Remarks by Ambassador Byrnes at the meeting regarding the upcoming Leaders Summit on Climate

Remark by Ambassador Byrnes at the meeting regarding the upcoming Leaders Summit on Climate

April 21, 2011


Deputy Prime Minister Bytyqi, Minister Nuredini, Minister Bekteshi, Ambassador Galloway, and Ambassador Silvestri, we are at a critical juncture.

In 2020, the earth’s surface temperature was one of the warmest on record, and in the last few years, global temperatures have been consistently among the hottest ever seen.

This increase in surface temperature causes sea level rise, a decrease in arctic ice, and a growing number of weather-related catastrophes, including storms, floods and droughts.

Three years ago, scientists warned us that we had twelve years in which to make decisions to avoid the worst consequences of the climate crisis.

Now, we are down to nine years left. We are into the decisive decade for action, and the evidence of urgency is literally all around us.

In the United States, we spend billions of dollars each year just cleaning up after storms. Last year, one storm cost $55 billion dollars.

We have reached the point where it is an absolute fact that it is cheaper to invest in preventing damage or minimizing it than cleaning it up.

Importantly, we have the opportunity to, in fact, we must, come together to solve this global challenge.

Addressing the climate crisis is a team effort. We are working hard to lower our emissions and encouraging other countries to do the same.

We have rejoined the Paris Agreement, and we are developing our next Nationally Determined Contribution, or NDC, to put the U.S. on an irreversible path to net-zero emissions by 2050.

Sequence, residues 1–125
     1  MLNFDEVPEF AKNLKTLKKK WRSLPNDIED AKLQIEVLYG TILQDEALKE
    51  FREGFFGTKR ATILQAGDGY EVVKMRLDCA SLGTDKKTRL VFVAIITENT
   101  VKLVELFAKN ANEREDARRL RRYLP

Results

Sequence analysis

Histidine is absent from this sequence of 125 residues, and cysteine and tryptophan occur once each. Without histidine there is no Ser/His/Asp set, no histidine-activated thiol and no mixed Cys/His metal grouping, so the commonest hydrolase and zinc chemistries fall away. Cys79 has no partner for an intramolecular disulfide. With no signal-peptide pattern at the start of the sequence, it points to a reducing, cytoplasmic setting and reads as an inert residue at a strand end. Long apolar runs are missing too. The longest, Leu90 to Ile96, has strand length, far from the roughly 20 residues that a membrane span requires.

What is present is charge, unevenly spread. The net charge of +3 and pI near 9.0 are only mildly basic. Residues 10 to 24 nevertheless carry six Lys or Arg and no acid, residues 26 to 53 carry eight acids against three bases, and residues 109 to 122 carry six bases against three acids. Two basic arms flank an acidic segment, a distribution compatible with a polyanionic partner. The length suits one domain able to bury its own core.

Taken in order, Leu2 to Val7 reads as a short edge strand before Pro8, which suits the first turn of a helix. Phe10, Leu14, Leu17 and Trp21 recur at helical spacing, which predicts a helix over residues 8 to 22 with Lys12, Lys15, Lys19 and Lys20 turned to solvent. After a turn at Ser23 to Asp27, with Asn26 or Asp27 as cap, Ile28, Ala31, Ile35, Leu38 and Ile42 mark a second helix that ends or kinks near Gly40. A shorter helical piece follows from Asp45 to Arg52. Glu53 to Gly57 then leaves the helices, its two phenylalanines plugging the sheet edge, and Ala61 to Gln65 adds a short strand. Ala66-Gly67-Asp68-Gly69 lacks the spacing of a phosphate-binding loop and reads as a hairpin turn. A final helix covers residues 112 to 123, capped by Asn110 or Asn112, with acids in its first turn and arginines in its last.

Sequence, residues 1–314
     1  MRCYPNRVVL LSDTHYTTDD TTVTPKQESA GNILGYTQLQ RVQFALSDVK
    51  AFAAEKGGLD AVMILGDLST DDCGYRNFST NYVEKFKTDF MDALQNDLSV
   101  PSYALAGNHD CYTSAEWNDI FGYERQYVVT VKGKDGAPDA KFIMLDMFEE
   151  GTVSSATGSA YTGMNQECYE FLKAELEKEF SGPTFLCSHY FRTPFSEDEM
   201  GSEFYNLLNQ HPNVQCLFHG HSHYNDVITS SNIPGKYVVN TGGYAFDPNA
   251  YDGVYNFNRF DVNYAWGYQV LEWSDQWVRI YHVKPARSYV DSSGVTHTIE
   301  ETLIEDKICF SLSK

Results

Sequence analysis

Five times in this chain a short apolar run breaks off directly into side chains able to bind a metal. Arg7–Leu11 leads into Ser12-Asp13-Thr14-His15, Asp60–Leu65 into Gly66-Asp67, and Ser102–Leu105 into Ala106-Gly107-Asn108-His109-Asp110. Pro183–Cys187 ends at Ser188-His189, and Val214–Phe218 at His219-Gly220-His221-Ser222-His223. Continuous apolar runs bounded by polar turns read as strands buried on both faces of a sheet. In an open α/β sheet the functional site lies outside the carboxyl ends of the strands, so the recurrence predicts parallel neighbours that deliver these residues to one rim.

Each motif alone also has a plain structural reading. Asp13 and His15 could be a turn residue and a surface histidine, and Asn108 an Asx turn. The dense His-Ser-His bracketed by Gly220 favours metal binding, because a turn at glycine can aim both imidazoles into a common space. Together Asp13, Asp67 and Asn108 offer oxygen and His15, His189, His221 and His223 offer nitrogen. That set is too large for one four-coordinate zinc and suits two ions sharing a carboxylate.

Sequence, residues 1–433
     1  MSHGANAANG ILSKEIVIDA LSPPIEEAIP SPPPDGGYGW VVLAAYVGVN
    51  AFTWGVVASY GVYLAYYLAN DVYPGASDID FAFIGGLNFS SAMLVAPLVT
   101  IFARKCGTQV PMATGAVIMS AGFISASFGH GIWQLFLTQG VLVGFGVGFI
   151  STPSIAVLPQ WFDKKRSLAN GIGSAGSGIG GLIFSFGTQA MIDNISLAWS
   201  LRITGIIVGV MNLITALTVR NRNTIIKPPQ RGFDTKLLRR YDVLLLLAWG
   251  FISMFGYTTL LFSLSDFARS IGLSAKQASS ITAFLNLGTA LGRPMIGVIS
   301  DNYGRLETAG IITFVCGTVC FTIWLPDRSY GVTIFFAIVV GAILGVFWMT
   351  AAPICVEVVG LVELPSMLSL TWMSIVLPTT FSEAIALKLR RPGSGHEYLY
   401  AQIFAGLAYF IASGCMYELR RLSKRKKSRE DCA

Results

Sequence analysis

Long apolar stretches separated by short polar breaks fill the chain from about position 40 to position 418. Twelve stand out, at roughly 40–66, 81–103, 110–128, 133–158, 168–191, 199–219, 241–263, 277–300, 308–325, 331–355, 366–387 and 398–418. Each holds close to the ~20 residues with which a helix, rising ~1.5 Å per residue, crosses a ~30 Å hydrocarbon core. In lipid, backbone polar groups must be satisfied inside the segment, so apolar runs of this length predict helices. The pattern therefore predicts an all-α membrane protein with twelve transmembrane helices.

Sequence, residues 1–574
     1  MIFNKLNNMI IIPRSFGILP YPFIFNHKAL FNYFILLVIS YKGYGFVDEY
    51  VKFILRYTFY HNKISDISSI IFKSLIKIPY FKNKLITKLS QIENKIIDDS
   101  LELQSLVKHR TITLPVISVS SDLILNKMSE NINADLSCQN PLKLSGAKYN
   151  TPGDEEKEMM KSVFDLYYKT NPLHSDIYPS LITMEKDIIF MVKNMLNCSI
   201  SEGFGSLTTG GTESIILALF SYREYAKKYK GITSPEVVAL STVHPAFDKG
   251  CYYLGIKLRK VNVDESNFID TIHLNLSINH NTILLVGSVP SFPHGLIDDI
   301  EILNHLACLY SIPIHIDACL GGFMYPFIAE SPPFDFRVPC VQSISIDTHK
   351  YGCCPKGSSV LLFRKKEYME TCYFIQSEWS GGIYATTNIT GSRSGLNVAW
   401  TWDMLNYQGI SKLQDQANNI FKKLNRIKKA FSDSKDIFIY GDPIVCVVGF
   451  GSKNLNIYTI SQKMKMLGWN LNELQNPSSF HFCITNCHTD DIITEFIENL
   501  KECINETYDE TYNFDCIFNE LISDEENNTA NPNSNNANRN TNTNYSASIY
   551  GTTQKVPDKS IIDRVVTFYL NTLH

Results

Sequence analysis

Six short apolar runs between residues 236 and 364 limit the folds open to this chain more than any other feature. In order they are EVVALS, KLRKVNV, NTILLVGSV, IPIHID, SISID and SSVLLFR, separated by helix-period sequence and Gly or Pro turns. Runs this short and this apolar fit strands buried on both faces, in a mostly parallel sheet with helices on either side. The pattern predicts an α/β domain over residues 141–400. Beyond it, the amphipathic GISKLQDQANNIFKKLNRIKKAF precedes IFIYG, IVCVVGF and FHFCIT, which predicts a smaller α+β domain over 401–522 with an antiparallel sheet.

We are taking ambitious domestic action to address the climate crisis at home. But over 85 percent of global emissions come from beyond our borders, so we need everyone at the table.

North Macedonia is well on track to meet its first NDC it submitted to the United Nations in 2015, and your second submission, adopted just last week, is more ambitious and covers the whole economy.

The United States welcomes this increased ambition, and hopes to partner with both North Macedonia’s institutions, citizens, and the private sector, as well as our allies to push the boundaries on what we can accomplish.

The United States is placing climate change at the center of U.S. foreign policy, diplomacy, and national security, and we have encouraged countries around the world to do the same.

Tomorrow, several of the world’s leaders will join the Leaders Summit on Climate to discuss how they can increase the level of ambition ahead of COP26.

This is an opportunity for all countries across the world to reassess what is possible, to raise our collective ambition, and to commit to tackling this challenge together.

Thank you, and I look forward to this discussion.